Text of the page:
4-Ball Wear Test Scar Diarn. mm.
£1,800 rpm. 75°_ C——1 Hl‘.——10 kg.
0nd) __________________________ __
0.30
Tirnken Test 43 lbs. Load __________________ __
Almen Test (Wts. carried Excellent
I
Pin Condition):
Gradual Loading 15 wgts. Max- ________ __
Shock Loading 15 wgts. Max___ ________ _.
15
15
15
15
2. 000+
0. 0
2,000+
0.0
6. The composition according to claim 1, wherein R
45 is an alkyl ‘group having 1 to 30 carbon atoms.
7. The composition according to claim 1, wherein said
polyvalent metal is an alkaline earth metal.
Lubrication Life, Hours 1 (10,000
r.p.m. at 250° F.) _________________________ __
Water Washing Test Percent Loss. ________ __
Water Solubility (Boiling Water)...
(2)
(2)
'
8. A polyvalent metal salt composition consisting es-V
sentially of salts of a bridged phenol and acetic acid,
(2)
50 wherein said bridged phenol has the formula:
1 Discontinued after 2,000 hours.
2 Ins oluble.
OH
EXAMPLE VI
The following formulations were prepared to illustrate
the preparation of the compositions of this invention in 55
the absence of an oil medium and at relatively high molar
proportions of the bridged phenol per molar proportion of
acetate.
wherein R is chlorine, X is sulfur, a is two, the molar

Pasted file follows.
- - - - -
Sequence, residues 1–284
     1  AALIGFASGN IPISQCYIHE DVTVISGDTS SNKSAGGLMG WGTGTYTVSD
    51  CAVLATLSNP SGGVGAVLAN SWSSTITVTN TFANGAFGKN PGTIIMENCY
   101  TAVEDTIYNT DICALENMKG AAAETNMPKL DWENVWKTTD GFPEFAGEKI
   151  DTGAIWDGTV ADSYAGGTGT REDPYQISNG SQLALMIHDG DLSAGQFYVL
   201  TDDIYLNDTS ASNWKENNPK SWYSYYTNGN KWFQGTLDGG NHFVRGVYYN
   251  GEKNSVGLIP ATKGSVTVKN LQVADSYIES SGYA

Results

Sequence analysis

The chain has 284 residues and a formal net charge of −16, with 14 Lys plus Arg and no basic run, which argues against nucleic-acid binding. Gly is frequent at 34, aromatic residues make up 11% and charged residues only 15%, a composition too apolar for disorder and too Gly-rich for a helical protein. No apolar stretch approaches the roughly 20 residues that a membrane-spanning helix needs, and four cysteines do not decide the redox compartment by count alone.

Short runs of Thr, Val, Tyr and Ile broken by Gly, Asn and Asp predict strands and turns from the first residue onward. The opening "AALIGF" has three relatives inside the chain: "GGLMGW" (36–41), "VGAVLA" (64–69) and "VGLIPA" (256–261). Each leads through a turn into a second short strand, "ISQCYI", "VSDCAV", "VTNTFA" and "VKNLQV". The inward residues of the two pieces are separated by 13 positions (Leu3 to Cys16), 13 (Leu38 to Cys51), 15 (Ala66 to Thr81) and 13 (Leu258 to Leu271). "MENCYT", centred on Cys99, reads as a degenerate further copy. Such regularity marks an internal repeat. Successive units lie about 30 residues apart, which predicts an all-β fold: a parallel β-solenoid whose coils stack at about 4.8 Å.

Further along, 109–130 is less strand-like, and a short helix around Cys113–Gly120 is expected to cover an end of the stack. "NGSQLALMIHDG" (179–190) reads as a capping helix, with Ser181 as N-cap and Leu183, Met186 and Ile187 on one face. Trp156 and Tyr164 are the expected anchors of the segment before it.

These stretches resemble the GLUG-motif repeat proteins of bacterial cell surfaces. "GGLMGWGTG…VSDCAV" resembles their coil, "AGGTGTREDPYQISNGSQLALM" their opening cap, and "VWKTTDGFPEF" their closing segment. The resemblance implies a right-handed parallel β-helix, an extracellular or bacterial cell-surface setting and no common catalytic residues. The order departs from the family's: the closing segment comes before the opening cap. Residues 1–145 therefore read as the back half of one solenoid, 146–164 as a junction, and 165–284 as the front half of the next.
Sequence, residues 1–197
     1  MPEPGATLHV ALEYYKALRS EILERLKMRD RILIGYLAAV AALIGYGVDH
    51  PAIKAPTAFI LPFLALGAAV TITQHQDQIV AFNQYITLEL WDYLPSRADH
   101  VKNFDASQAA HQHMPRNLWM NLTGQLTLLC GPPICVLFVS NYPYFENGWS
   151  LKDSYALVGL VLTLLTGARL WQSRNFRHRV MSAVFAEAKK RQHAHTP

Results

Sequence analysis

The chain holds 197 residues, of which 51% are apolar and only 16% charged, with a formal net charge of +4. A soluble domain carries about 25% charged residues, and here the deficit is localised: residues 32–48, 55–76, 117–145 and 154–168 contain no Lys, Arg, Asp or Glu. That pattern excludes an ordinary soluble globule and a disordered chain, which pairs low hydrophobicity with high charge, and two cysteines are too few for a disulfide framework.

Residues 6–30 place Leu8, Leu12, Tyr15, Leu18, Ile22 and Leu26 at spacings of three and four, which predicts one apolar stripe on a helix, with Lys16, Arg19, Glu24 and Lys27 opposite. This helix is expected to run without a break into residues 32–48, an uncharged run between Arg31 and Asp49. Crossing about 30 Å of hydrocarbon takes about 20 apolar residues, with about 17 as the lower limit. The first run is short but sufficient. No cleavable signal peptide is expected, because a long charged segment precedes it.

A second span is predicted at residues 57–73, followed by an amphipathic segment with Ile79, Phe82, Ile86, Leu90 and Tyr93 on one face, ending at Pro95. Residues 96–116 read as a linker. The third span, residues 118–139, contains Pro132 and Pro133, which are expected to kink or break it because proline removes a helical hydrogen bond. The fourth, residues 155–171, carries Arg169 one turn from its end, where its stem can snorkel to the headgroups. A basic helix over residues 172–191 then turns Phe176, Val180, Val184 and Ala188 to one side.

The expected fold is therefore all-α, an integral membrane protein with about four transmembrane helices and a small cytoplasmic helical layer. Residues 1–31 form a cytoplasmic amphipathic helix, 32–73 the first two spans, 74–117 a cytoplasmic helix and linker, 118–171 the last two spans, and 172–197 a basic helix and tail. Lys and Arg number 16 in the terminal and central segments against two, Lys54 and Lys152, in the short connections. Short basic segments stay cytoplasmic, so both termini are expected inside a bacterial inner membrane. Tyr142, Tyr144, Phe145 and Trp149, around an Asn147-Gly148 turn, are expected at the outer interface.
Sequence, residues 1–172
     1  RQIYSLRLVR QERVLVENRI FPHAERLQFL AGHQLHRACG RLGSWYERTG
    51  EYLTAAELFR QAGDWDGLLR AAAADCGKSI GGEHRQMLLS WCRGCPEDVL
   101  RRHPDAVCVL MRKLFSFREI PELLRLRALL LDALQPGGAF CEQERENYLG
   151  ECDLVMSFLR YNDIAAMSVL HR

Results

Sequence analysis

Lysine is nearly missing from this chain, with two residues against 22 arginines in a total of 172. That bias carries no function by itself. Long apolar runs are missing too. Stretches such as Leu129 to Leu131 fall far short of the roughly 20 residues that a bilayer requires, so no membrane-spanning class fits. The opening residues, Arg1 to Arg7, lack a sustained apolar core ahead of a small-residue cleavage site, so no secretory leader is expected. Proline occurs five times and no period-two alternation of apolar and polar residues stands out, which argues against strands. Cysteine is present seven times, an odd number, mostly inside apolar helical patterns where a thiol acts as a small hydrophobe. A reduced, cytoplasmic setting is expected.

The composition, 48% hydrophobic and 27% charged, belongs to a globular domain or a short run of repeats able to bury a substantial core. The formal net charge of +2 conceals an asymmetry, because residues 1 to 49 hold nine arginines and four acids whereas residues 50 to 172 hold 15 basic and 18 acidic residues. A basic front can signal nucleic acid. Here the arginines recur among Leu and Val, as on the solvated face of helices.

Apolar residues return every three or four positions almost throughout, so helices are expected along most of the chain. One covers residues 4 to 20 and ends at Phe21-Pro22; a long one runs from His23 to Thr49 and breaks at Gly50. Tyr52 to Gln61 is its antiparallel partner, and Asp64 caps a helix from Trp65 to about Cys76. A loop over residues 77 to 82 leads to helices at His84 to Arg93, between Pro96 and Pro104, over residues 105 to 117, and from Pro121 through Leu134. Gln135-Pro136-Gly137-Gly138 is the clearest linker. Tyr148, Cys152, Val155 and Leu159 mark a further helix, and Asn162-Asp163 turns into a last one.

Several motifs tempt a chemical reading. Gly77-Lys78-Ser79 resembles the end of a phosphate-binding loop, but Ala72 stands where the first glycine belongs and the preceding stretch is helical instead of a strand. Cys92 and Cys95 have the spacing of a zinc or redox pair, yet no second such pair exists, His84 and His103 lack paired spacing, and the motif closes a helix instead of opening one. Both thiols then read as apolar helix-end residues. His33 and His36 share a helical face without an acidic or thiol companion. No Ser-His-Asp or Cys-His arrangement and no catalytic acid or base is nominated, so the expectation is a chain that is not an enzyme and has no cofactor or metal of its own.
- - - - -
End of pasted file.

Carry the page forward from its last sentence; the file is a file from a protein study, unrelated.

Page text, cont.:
(A) A solution of 10.0 g. (0.018 mol) of dodecylphenol
ratio of said acetic acid to said bridged phenol being
sul?de prepared according to the method described in Ex 60 about 5:1 to 40:1, said salt having been prepared by
ample IV and 0.37 g. (0.0015 mol) of chromic acetate in
coneutralizing said bridged phenol and said acetic acid
200 ml. of absolute ethanol was heated on a steam bath
with alkaline earth metal base, ‘followed by ‘dehydrating
at temperatures between 180° F. and 300° F. until all
at temperatures of about 300° to» 450° F.
the alcohol was removed. A clear, dark reddish-green
9. A polyvalent metal salt composition consisting es-i
viscous product was obtained which contained 0.78 wt. 65
sentially of salts ‘of a bridged phenol and acetic acid,
percent chromium.
'
wherein said bridged phenol has the formula:
(B) A mixture of 10.0 g. (0.018 mol) of dodecyl~
phenol sul?de and 0.37 g. (0.0015 mol) of chromic ace
OH
OH
tate was stirred on a steam bath for 12 hours during
which time the mixture gradually became clear. A dark 70
reddish-green viscous product was obtained which ob
tained 0.72 wt. percent chromium.
(C) Other compositions containing from 0.19% to